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Communicating Risk Strategy: Turning Plans into Action

They say it takes an oil tanker 2 kilometres to turn. That’s the distance between London’s St. Paul’s Cathedral and Tower Bridge or half the length of New York’s Central Park. With that kind of handling well implemented planning is critical to steer a ship. Executing business price risk management strategy has parallels. Fortunately for ships modern electronics do much of the work. Business managers face a complicated manual process however. What makes it worse is the necessary involvement of many people in several layers in numerous places that don’t understand how they matter. Crueler still is that risk means different things to each function and at each level. The peril of the “the broken telephone” ever hangs above like the sword of Damocles To avoid misunderstanding and inevitable disarray, risk planners use a simple communication framework to translate goals into results.

  • All businesses face intrinsic risks from their markets, operations, technologies etc., but few are willing to accept them completely uncontrolled. Hence the risks a company is prepared to accept are really a residual. This is called “risk appetite”. Articulating risk appetite is key to strategy. It differentiates the business from competition, defines it for investors who want to participate in gains made from taking risk, and directs employees who must make profitability happen. A statement of risk appetite must be agreed by executive management and the board and is generally high level and qualitative. Its importance cannot be overstated. It will be the chart that is used to set the ship’s course.
  • For functional management the deck below, risk appetite needs tighter focus. We’ve said in other blogs that the outcomes of risk programs must be measurable. Measurement does not work without a yardstick and it’s here that its length gets defined. Hence the degree of risk a company is comfortable with must be at least partially quantified. It will likely be an expression of aggregate risk. There may be many exposures to consider along with the practicality and desirability of trying to offset all risk. In risk circles, such guiding statements are known as “risk tolerance”. Measures can appear as percentages or hard numbers, whatever is practical for the situation, but tolerance statements are to be taken seriously. Breaches require immediate adjustment of exposures. As part of planning, developing guidance on such adjustments should also be done to avoid the consequences of knee-jerk reaction.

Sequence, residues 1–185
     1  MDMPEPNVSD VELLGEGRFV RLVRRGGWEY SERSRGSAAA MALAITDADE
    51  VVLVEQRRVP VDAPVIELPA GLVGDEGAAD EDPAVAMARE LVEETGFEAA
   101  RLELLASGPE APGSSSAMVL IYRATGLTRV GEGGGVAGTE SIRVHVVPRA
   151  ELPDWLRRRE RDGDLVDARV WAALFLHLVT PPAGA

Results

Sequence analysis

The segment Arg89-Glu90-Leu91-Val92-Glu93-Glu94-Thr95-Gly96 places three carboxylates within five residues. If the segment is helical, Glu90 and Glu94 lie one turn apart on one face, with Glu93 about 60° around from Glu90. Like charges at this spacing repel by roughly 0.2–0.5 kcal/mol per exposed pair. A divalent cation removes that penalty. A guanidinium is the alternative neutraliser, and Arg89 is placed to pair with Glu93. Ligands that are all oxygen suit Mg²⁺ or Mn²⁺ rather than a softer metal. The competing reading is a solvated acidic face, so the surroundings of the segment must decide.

• Next deck down, the execution level, where actual results happen. Here, line management must translate strategy into hard edged terms, creating risk targets and limits that pertain to specific exposures and positions being attended to. Limits should be quantitative, easily measured and consistent with the hedging policy that will cover mechanics and controls. These can cover timing, the degree and nature of allowed exposure as well as positions to cover them. Breaches of limits must also be taken seriously. They require immediate review. Management endorsed action can range from situation monitoring to risk curtailment.

Through the entire chain, these measures must align. Each business will have its own special circumstances so a business’s mix of appetites, tolerances, targets and limits will be unique. To aid visualisation, the attached table gives examples from the metals industry, although the range of possibilities is by no means exhaustive. Before concluding, note that the communication framework must also change with the evolution of the business and its environment. Regular review and renovation, at least annually, is important. Putting this together can be daunting, whether it be the first time or as a result of a need to reflect change. If you lack experience, time or resources to “reinvent the wheel”, remember experienced guidance is available.

Examples of Risk Appetites, Tolerances, Targets and Limits

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